Community right to bid
The Community Right to Bid is a function of the Localism Act 2011 that is administered by local authorities. It is designed to allow community groups time to assemble bids for assets that both they and the council consider to be of ‘community value’ by evoking a moratorium (stand-still) period when a valued asset is to be sold.
The right does apply to privately held assets as well as those owned by the council. The right does not force the asset owner to sell to any bidding community groups; sales are still controlled by market forces following the moratorium period.
Ultimately, the right is designed to allow community groups time to assemble a bid to preserve an asset that they consider vital to their community.
The information contained on this page summarises the details of the Right to Bid.
Full information relating to the Right to Bid and Cheshire East’s policy for administering it can be found in our right to bid guidance document (PDF, 344KB)
Who can nominate
Only eligible voluntary and community organisations can make nominations.
A nominating organisation must:
- have a local connection to the property they wish to nominate; this means that its activities are wholly or partly concerned with the administrative area of Cheshire East Council or a neighbouring local authority
- be one or more of the following:
- an unincorporated community group with at least 21 members who are registered to vote in the Cheshire East Council area
- a parish council
- a charity
- an industrial and provident society
- a local neighbourhood forum
- a company limited by guarantee or a community interest company
What can be nominated
Nominators must provide evidence as to why the nominated asset is of community value. The council ultimately decides whether this evidence is sufficient to list the asset. A building or piece of land is deemed to have community value if, in the view of the council:
- The use of the land or building currently, or in the recent past, furthers the social well-being or cultural, recreational or sporting interests of the local community
- This use (as described above) of the building will continue to further the social well-being or interests of the local community
- The use of the building or land must not be deemed ‘ancillary’, ie of secondary purpose. This means that the use of the land or building to further social well-being or interests of the community must be its principal use.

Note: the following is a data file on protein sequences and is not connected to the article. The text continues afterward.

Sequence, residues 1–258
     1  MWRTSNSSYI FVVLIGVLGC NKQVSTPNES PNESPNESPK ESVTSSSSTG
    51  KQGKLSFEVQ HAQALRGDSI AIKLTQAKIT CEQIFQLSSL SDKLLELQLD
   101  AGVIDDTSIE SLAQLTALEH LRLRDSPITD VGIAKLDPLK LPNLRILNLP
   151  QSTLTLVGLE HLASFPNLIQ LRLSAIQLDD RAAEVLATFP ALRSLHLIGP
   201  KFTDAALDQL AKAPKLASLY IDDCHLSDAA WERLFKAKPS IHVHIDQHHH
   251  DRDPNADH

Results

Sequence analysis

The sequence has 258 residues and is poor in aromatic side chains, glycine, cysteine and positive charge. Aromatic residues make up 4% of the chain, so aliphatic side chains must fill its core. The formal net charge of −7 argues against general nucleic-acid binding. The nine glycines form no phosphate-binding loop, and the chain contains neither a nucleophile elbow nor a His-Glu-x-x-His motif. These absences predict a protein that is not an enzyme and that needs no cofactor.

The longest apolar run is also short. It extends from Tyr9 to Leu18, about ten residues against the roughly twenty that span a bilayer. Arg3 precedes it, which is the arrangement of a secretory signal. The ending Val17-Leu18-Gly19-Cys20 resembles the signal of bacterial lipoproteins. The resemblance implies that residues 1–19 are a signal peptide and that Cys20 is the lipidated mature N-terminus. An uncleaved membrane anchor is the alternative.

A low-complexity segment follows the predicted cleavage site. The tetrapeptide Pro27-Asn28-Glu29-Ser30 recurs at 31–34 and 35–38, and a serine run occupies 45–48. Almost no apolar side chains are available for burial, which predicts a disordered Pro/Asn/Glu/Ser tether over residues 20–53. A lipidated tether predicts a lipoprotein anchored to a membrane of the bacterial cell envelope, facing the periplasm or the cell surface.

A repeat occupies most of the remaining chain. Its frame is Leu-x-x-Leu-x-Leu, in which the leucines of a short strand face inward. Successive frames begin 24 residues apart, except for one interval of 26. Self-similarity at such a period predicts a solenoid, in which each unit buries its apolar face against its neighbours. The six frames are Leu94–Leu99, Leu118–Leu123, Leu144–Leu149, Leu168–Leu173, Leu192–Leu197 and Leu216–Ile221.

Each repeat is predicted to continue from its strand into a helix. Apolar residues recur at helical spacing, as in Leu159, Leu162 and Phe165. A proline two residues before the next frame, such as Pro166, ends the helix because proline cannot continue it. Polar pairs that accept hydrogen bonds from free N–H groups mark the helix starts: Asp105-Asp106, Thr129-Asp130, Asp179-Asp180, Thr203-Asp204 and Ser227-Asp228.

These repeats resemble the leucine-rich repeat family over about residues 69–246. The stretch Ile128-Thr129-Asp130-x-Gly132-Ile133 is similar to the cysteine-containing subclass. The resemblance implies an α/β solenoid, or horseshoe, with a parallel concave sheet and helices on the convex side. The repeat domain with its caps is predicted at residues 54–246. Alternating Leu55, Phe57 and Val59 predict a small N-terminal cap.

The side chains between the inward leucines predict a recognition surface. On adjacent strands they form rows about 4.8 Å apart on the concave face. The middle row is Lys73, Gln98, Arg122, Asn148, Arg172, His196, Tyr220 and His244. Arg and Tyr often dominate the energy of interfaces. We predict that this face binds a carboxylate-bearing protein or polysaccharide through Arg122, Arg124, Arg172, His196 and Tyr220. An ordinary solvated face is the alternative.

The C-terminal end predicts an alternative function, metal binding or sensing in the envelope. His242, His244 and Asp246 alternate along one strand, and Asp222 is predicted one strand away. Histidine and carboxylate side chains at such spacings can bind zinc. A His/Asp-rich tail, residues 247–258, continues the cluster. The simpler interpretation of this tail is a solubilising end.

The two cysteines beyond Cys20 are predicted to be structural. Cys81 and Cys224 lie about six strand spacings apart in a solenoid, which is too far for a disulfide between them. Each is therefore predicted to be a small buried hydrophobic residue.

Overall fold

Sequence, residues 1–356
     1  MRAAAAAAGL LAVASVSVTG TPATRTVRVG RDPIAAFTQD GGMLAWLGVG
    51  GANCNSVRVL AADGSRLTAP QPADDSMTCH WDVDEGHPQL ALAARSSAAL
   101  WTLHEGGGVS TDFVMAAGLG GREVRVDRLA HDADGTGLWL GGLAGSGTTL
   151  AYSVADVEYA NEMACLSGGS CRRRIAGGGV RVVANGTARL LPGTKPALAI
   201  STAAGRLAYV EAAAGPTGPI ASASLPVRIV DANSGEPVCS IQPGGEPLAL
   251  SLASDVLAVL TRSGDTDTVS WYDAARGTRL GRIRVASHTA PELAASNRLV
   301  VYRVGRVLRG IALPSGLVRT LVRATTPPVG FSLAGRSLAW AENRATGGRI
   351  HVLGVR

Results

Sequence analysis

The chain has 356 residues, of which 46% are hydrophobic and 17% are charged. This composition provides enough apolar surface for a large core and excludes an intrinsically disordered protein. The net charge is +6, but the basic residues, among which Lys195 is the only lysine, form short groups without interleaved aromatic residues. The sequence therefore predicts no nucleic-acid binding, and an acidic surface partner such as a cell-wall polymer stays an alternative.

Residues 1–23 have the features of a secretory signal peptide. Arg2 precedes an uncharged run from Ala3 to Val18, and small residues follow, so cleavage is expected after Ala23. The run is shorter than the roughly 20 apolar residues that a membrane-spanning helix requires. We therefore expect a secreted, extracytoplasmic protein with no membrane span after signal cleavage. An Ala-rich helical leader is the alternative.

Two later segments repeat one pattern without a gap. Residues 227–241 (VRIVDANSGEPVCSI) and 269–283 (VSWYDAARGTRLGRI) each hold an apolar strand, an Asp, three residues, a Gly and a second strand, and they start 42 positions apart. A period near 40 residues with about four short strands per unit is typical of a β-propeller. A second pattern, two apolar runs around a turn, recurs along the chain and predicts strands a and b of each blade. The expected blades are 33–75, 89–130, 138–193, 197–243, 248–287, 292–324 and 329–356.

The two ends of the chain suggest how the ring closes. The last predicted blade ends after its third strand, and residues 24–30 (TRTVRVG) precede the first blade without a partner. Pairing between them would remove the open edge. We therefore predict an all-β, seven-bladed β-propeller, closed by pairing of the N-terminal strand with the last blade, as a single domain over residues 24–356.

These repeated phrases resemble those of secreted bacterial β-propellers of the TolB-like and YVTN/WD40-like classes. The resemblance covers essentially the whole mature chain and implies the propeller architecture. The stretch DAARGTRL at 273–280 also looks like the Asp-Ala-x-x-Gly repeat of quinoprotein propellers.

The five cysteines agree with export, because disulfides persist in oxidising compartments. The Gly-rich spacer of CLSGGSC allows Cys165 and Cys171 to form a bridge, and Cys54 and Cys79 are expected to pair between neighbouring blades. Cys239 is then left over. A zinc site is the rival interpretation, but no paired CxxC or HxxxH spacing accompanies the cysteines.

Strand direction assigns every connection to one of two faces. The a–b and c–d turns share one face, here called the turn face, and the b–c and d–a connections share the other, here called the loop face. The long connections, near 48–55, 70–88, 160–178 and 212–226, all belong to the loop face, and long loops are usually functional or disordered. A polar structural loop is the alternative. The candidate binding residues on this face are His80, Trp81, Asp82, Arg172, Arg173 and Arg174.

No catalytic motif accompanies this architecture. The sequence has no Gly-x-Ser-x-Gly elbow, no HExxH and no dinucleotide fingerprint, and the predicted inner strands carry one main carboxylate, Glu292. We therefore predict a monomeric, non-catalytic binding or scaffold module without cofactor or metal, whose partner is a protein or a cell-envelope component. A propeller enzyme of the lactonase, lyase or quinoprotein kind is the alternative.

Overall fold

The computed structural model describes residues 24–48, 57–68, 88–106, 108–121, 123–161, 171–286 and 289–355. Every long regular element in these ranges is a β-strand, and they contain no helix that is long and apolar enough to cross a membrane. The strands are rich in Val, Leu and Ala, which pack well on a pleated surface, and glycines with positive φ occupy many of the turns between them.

Assets of community value cannot be:
- residential properties and associated land
- land licensed for use as a caravan site
- operational land used for transport and other infrastructure
- an ‘ancillary’ use, such as a café within a workplace
How to nominate
A nomination has to contain certain information, be made by an appropriately-constituted group, and concern a relevant asset to be accepted. The Localism Act (2011) and Assets of Community Value Regulations (2012) require that nominations to the register of ‘assets of community value’ contain the following information:
- the nominator’s reasons for thinking that the local authority should conclude that the land is of community value
- evidence that the nominating group is eligible to make a community nomination
- evidence that the nominating group has a ‘local connection’
Nominators should complete the Nomination of asset form (PDF, 289KB) (print only version) and submit in writing to the Communities team, or electronically by saving the Nomination of asset form (MS Word, 70KB) to complete and email to firstname.lastname@example.org
Lists of assets of community value
Local authorities are required to publish the list of assets of community value (those subject to a successful nomination) and the list of unsuccessful nominations. These can be found below.
The owner of the property must advise us when they intend to sell the property; at this point the council will include details on our published lists and we will inform the nominating group.
If no community interest group notifies the council within six weeks of the owner’s notification to dispose indicating their desire to bid, the owner is free to sell their property as they see fit.
If an eligible community interest group notifies the council within six weeks that it wishes to bid for the asset, it will have up to six months in which to prepare its bid.